Earlier this summer, as crypto entered into a bear market, the odds were stacked against NFT.NYC 2022. But even — and perhaps especially — as the non-fungible tokens market plunged to US$700 million in June, down from US$2.6 billion in May, there could’ve been more emphasis on addressing the issues facing the industry. While the conference itself may have tried to approach NFTs in a more serious way, many of the projects attending the event seemed more focused on hiring a Snoop Dogg impersonator to garner hype than pushing the industry forward. And instead of informative sessions on how to build serious use cases for NFTs, many attendees reported “zero quiet spaces” at a conference whose highlight seemed to be partying with millionaires and models. 

So what was it that many of the NFT.NYC projects were missing? Oddly enough, the answer doesn’t come from a different tech event, but rather an iconic music festival with even fewer quiet spaces — Coachella. We’ve already seen NFTs used in entertainment for fundraising and even collectible music, but they have largely failed to offer dynamic utility for their holders, aside from just digital ownership of something as simple as a concert ticket. Coachella took a different approach.

NFTs with tangible value

When NFTs initially entered the global spotlight, they were commonly viewed as a way to grant holders bragging rights. NFTs offer digital ownership, which initially caught attention for enhancing and digitizing the traditional art world following their eye-catching debut in the cryptosphere. From the start, NFTs were set up to have a static role in the context of buying and selling digital rights, with few other benefits to offer besides ownership and something to boast about.

Soon after capturing the art world, NFTs moved on to sports, specifically with the advent of digital sports collectibles. And NFTs are largely to thank for giving old-school memorabilia trading a makeover, like how NFT sports memorabilia have taken on a new life. The success in sports led to blockchain-based sports gaming companies like Sorare, which implement NFTs to promote engagement and expand fan communities.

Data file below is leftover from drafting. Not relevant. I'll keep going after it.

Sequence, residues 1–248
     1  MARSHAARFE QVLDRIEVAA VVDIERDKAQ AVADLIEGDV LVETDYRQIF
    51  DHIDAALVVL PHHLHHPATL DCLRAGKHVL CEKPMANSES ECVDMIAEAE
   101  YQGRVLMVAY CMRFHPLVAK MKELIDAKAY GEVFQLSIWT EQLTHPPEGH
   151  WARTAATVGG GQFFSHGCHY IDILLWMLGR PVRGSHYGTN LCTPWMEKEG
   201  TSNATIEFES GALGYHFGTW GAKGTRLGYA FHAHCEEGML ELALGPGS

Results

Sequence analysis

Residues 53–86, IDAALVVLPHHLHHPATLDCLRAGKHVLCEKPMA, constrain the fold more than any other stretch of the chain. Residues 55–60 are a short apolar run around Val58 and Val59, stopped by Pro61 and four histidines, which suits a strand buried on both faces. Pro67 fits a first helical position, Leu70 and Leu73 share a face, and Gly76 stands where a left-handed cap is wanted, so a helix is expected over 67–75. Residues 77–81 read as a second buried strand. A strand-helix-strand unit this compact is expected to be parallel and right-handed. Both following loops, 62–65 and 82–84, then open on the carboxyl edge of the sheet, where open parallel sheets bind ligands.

The music industry was quick to carry the NFT baton. Major artists like Grimes, Katy Perry and BTS have already invested in NFTs, whether by creating an entire collection or funding an NFT-focused project. But many of the celebrity NFTs were just that, NFTs with no real utility. Fans can connect with their artist of choice — but the benefits typically stop there. 

Perhaps fittingly, one of the most successful music festivals in the world decided selling valueless tokens to fans was the wrong recipe for a successful NFT launch. Instead, Coachella issued 10 NFTs, which included luxury camping, gourmet food and lifetime passes. Of course, it’s not as though lifetime passes haven’t been tried by other tiny NFT projects. But Coachella fans seem to agree an eternal entry card to this festival really ups the ante as far as use cases go for this technology.

Coachella sold all 10 NFTs for a total of nearly US$1.5 million

The success of these tangible, real-world benefits cannot be understated. Research suggests that the vast majority of people are happier when purchasing an experience — whether a concert, trip or good meal — than spending on a material item. Coachella brilliantly elevated the latter into the former, giving people an enjoyable, memorable experience with their digital assets.

The music festival’s success illustrates how NFTs can shape entertainment at large. Most mainstream music fans don’t care to own an NFT solely for pride, let alone enough to set up a crypto wallet and figure out how to purchase the digital asset. But if it comes with VIP access to a music festival meet-and-greets with their favorite artist, or a concert poster they can hang in their room, more fans might be willing to take the plunge into the NFT waters. 

Breathing new life into NFTs

Unfortunately, Maslow’s Hierarchy of Needs doesn’t mention NFTs. But brands can gauge their target consumer’s buying motivations and see how these habits and desires could tie in with an NFT offering.

While research suggests that over 60% of people are now somewhat familiar with NFTs, only 4% have actually purchased, created and/or sold an NFT in the past. So although awareness of NFTs is up, to successfully sell NFTs, brands need to give their customers a reason to be interested. 

Once a company determines the appropriate product or service for its audience, it can use an NFT as a vehicle for it, like a ticket stub for event access. But the value must also continue down the line — collectibility must extend beyond novelty and offer dynamic and sustained benefits. If not, the 99% of consumers will only view it as equal to a physical ticket stub, nice as a keepsake but non-essential.

Beyond just ensuring prolonged value, NFT sellers should also offer some kind of assistance for prospective buyers to make their first purchase. Not understanding NFTs was the second likeliest reason why people haven’t purchased one yet, according to one survey. 

If companies want to capitalize on NFTs, they will have to hold their customers’ hands to help them through the purchasing process. This can include instructing how to set up a crypto wallet or prioritizing stellar customer support, which can also raise the likelihood of buying — most consumers are willing to spend more on something that is accompanied by great customer experience and service. With this in mind, the NFT community requires some serious tuning to turn all the hype into a thriving industry.